‘No need to change assisted suicide laws’, says academic

A High Court case involving a man who is seeking to make assisted suicide legal is “deeply worrying”, an academic and author has warned.

In an article for online magazine Spiked, Dr Kevin Yuill responded to the ongoing media coverage of assisted suicide campaigner Noel Conway’s case.

He cautioned that the UK should consider what has happened in Canada since the country passed its euthanasia law last year.

‘Deeply worrying’

Dr Yuill is the author of ‘The Liberal, Humanist Case Against Assisted Suicide’, and senior lecturer in American History at the University of Sunderland.

In his article, he pointed out that the current law was “overwhelmingly upheld by parliament in 2015” – when MPs defeated Rob Marris’ Private Members’ Bill to legalise assisted suicide by 330 votes to 118.

“The fact that the courts are hearing a challenge to this is deeply worrying”, Dr Yuill said.

Dr Yuill said Canada had “opened a Pandora’s box” and should serve “as a warning about the dangers of legalising assisted suicide”.

‘Politicising the courts’

“In the province of Ontario, the Ministry of Health and Long-Term Care announced that it would force doctors to either euthanise patients who wanted to die, or refer them to someone who would.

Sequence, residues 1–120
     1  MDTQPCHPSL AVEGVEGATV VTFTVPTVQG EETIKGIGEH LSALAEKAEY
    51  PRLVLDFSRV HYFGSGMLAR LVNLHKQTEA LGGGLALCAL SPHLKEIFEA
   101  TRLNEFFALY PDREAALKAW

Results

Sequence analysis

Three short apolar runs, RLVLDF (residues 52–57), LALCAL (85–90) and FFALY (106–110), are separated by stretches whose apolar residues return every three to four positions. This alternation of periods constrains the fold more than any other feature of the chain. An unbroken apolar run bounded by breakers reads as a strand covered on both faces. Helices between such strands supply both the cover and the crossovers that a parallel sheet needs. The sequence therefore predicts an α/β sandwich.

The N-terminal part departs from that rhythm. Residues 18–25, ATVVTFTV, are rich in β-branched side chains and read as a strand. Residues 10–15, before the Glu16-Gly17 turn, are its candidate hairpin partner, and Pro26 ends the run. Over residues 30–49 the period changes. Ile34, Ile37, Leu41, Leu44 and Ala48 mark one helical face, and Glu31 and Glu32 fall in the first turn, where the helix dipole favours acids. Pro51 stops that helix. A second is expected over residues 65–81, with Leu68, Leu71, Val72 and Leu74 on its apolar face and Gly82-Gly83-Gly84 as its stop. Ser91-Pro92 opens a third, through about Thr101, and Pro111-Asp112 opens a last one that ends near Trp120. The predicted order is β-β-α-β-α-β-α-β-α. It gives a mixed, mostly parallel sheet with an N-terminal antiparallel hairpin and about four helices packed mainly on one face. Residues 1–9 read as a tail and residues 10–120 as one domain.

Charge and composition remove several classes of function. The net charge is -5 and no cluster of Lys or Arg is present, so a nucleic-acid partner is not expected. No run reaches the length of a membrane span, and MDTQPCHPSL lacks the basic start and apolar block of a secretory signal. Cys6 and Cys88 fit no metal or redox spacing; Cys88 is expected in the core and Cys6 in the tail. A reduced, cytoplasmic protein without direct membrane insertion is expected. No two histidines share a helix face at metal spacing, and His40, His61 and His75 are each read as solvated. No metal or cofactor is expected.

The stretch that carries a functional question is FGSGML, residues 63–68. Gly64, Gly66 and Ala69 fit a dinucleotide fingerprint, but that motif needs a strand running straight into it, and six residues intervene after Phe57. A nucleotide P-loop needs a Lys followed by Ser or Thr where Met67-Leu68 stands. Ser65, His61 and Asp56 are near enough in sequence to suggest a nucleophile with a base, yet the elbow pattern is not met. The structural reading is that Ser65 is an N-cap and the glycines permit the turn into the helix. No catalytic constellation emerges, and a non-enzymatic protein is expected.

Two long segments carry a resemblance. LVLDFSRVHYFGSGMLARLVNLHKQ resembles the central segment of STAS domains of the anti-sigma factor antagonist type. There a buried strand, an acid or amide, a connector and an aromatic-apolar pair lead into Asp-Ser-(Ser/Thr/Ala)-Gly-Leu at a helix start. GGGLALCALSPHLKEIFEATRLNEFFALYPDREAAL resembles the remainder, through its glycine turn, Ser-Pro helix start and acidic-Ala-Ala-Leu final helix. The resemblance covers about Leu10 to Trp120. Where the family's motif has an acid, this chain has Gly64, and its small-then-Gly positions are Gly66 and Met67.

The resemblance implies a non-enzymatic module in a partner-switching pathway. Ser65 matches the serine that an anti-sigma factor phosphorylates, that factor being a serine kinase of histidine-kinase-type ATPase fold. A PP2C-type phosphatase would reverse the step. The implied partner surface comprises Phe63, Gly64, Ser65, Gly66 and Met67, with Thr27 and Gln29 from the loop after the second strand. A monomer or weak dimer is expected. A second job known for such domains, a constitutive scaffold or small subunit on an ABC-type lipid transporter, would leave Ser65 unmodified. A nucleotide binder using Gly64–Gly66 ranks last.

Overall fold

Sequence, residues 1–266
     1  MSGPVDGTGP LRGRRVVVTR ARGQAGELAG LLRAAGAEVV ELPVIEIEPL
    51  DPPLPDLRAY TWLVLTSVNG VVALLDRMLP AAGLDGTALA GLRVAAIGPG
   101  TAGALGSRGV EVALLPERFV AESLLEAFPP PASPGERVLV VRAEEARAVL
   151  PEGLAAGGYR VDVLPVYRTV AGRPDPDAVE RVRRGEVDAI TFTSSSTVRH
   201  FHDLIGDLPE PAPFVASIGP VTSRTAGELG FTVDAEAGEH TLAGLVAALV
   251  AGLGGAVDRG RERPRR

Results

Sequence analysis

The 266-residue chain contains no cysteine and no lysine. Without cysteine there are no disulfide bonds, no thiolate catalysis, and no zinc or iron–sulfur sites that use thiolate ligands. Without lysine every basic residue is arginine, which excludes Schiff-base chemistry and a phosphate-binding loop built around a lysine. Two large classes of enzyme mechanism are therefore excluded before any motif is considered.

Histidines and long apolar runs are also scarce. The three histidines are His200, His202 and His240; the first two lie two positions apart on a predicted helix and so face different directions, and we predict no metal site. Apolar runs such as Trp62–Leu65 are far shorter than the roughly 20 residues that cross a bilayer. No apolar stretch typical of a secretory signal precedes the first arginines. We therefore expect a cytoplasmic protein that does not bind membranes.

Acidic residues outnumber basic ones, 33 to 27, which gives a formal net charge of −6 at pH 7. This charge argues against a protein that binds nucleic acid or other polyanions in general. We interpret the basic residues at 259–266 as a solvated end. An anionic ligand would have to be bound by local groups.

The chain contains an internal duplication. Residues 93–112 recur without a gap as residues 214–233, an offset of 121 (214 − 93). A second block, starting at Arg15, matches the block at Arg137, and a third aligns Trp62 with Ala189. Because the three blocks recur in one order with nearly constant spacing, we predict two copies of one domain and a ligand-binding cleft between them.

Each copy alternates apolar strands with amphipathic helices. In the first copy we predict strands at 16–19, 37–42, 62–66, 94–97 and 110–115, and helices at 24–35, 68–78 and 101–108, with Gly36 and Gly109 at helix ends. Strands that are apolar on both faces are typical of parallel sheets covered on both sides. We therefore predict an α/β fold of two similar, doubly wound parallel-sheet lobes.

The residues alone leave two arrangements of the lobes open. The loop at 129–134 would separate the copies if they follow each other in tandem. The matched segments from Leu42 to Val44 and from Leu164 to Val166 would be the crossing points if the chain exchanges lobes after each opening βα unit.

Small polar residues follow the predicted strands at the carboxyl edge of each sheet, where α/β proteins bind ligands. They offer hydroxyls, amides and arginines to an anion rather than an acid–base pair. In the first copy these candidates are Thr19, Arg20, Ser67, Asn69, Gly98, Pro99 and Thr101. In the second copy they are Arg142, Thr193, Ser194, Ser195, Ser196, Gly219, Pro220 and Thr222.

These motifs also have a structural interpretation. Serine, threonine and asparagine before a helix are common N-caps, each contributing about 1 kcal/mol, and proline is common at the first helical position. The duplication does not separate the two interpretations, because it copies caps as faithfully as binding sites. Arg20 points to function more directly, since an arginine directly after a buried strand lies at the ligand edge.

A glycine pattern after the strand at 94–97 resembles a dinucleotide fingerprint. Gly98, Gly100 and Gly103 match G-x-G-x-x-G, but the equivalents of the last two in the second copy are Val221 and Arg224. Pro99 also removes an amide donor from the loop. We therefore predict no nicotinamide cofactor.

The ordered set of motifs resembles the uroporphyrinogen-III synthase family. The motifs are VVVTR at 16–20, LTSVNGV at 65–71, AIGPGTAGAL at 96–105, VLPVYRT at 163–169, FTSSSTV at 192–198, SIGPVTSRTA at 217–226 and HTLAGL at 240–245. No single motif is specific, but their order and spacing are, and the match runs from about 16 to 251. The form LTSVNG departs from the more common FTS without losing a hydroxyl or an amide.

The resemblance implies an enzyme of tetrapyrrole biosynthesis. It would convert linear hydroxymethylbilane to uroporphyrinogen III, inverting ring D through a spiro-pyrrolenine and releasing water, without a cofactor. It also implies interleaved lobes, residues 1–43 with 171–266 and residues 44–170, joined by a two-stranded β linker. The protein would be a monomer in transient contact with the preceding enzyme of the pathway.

“Three years ago, it was a crime for doctors to kill their patients in Canada. Now, doctors could lose their licence for refusing to participate in killing their patients.”

Last week, a law tutor at the University of Oxford said that the legalisation of assisted suicide “should be for Parliament itself to decide freely” rather than the courts.

Writing in The Spectator online, Professor Richard Ekins said: “Any attempt to use the courts to pressure Parliament to change the law risks politicising the courts and distorting parliamentary democracy.”

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